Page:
Jupiter Ascending is the newest film from the Wachowskis, the sibling team responsible for the Matrix trilogy, a $150 million science-fiction/action epic starring Mila Kunis and Channing Tatum. Its July release date was staked out over a year in advance, with the publicity machine clicking right along on that timeline: first trailer last Christmas, second trailer at the beginning of the summer, posters in the multiplexes, magazines on the newsstands, etc. And so it came as a bit of a shock when, last night — after most of the sites covering the film had closed up shop for the day — distributor Warner Brothers quietly announced that they’re pushing the film off its July 18 release date to a new spot clear in February of 2015. And movie fans issued a collective Uh-oh.
The official explanation for the delay, according to The Hollywood Reporter, is that “the film needed more special effects work.” And that may well be the case, but it seems awfully dodgy that they would’ve waited until six-and-a-half-weeks before release to make that call (particularly when so much has been made of how the picture relies more on practical effects and stunts than CGI). The more common presumption, one that’s easy to make any time a big studio movie is bumped from a premium summer slot to the doldrums of February — when, as science has proven, the worst movies are released — is that the studio has lost faith in Jupiter Ascending, either because it’s bad, or because it’s too weird (and thus, in the eyes of the numbers-crunchers, bad).
But let’s back off of that fear — one which, as THR notes, isn’t quite as much of a given as it used to be (thanks to G.I. Joe: Retaliation and World War Z). Don’t get me wrong, Jupiter Ascending could be terrible; it is, after all, the story of a maid who meets an elf-eared intergalactic warrior and discovers she’s a princess. But it’s more likely, based on the trajectory of the Wachowski filmography, that it’s just an oddity, and Warners doesn’t know what the hell to do with it in the summer. When they staked out the July berth, they may have been hoping for another Matrix; perhaps it took them this long to realize they were getting another Cloud Atlas.
And that’s not a bad thing. This viewer genuinely admired Cloud Atlas — every messy, odd, weirdo detour and inexplicable decision of it, and the glimpses we’ve seen of Jupiter thus far indicate more of the same. The Matrix was a giant, game-changing mega-hit, but it was also the duo’s last crowd-pleaser; the Matrix sequels attempted to meld blockbuster concerns with greater philosophical ambition (and ended up doing neither adequately), while the disappointing box office of Speed Racer and Cloud Atlas indicated that the Wachowskis may have been whittling down their audience to a base of core fans.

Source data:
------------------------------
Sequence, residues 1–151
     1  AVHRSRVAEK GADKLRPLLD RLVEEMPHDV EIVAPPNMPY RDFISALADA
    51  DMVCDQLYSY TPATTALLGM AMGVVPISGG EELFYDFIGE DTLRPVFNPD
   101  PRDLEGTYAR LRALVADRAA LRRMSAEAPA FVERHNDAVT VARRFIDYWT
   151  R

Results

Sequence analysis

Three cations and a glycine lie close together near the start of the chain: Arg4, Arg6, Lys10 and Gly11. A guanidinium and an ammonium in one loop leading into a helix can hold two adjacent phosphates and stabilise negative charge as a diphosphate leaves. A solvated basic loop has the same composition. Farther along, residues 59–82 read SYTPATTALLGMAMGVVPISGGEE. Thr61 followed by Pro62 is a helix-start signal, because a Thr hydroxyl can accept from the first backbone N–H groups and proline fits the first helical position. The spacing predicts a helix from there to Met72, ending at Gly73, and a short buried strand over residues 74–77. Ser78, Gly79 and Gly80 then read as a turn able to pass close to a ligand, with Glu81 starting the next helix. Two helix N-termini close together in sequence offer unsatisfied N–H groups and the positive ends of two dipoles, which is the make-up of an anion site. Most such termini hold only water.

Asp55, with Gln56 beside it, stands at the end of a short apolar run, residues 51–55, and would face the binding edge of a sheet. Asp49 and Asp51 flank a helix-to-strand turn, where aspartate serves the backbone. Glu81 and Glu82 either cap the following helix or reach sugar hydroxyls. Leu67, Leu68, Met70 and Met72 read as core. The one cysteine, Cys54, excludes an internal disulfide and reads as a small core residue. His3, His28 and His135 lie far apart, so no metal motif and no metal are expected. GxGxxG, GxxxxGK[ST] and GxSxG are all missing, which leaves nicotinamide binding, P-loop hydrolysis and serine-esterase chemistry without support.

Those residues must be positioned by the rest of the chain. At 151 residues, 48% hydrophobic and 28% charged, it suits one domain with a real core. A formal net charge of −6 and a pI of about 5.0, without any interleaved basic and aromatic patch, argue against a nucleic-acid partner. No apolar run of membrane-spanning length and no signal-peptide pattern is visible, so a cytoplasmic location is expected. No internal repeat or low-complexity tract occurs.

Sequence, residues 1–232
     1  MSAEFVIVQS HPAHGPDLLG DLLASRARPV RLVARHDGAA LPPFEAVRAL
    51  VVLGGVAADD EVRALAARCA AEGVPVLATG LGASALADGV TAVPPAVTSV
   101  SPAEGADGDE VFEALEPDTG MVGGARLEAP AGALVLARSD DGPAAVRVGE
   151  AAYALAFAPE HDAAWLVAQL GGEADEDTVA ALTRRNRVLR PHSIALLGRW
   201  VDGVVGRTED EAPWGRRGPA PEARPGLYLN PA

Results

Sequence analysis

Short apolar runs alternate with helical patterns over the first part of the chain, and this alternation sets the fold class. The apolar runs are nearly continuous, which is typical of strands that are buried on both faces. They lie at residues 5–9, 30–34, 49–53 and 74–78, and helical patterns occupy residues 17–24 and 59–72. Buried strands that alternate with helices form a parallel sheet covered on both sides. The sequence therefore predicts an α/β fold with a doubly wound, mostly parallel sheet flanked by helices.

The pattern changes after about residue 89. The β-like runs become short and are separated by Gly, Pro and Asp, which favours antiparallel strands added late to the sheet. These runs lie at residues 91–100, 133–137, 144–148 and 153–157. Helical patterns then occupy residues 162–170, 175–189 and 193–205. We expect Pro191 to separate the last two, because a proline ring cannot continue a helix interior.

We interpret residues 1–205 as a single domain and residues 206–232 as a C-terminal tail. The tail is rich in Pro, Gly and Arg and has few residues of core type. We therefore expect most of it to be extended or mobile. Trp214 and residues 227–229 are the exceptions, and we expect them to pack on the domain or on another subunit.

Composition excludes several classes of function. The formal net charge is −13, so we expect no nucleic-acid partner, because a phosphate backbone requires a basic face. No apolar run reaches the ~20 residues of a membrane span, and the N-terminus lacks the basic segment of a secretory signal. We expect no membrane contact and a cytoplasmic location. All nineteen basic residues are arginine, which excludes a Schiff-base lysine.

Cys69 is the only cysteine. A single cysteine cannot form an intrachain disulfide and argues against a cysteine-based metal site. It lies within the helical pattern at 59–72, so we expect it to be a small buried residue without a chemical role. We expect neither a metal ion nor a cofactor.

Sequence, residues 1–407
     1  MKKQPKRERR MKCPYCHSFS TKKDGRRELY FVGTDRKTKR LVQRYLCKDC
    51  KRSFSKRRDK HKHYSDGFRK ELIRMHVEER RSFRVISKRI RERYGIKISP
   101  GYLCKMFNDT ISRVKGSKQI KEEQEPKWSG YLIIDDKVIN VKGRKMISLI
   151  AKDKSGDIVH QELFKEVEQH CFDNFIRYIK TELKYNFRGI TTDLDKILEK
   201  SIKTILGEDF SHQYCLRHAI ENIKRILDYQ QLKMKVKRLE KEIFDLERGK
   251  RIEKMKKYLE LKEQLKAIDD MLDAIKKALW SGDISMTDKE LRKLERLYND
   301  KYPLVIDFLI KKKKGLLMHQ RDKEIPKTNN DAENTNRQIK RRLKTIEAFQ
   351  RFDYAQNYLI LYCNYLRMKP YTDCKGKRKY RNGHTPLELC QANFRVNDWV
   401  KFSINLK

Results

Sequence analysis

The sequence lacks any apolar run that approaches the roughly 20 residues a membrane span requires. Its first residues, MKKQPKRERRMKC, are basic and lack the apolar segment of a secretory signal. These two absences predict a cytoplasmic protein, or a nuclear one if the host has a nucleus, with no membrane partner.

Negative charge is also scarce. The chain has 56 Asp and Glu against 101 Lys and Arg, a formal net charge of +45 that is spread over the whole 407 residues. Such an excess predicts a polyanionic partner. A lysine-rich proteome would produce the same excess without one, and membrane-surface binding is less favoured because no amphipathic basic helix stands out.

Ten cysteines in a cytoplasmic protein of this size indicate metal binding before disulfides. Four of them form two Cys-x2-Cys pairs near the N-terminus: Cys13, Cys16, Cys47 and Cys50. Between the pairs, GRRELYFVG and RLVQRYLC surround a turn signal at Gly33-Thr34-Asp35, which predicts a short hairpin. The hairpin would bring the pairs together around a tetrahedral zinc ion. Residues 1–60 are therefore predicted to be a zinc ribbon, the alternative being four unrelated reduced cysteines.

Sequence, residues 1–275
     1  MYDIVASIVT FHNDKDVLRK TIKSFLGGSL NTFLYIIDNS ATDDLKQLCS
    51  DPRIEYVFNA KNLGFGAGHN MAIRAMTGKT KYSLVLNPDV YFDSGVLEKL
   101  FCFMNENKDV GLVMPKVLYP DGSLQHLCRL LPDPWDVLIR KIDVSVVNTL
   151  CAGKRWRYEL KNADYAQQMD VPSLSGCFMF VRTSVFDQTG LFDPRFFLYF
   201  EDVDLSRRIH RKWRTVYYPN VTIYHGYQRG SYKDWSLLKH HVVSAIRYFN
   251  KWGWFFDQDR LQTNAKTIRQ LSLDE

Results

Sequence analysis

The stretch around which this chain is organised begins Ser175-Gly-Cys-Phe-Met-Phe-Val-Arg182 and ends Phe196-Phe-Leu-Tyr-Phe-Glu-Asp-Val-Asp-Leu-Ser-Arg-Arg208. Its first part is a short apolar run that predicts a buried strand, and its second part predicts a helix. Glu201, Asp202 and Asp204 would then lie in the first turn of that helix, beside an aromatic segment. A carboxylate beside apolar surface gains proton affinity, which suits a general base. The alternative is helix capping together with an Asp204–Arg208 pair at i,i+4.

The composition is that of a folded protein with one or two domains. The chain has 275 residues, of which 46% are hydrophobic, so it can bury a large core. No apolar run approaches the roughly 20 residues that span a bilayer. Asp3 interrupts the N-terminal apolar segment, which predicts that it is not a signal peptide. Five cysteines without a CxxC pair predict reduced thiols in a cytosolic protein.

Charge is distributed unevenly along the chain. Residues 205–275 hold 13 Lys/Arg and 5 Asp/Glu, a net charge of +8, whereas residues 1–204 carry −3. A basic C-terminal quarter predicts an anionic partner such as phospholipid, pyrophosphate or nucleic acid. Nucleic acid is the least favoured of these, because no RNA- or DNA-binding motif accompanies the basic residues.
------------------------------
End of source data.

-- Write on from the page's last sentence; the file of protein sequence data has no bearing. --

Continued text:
Maybe that’s for the best. I, for one, would rather have them creating oddball hybrids of art films and action epics than churning out an eternity of Matrix sequels and rip-offs; when you see a Wachowski movie now, you can’t say you don’t know what you’re in for. The people who like what they’re doing are going to see their films whenever they’re released — the comparison may seem peculiar, but in the same way that Wes Anderson’s loyal legions have made his spring releases into sleeper hits, so might the Wachowskis’. Summer is a good time to release an action movie for maximum attention; it’s also a good time to find your action film in heavy competition, throwing elbows for a limited number of box office dollars, with every week promising a new, elaborately promoted tentpole film that is forgotten by the following Monday. (Remember when that new Spider-Man movie came out, a month ago?)
Good, bad, or indifferent, Jupiter Ascending promises to be unique, and it’s hard to push a unique movie when it’s wedged in between the new Planet of the Apes and the new Hercules. The move to February may be a vote of no confidence, but it may also give the film a chance to shine. And sometimes an unconventional release date is the best thing that can happen to a movie. Ask the Wachowskis; back in 1999, Warner Brothers chose a March slot for a little movie called The Matrix.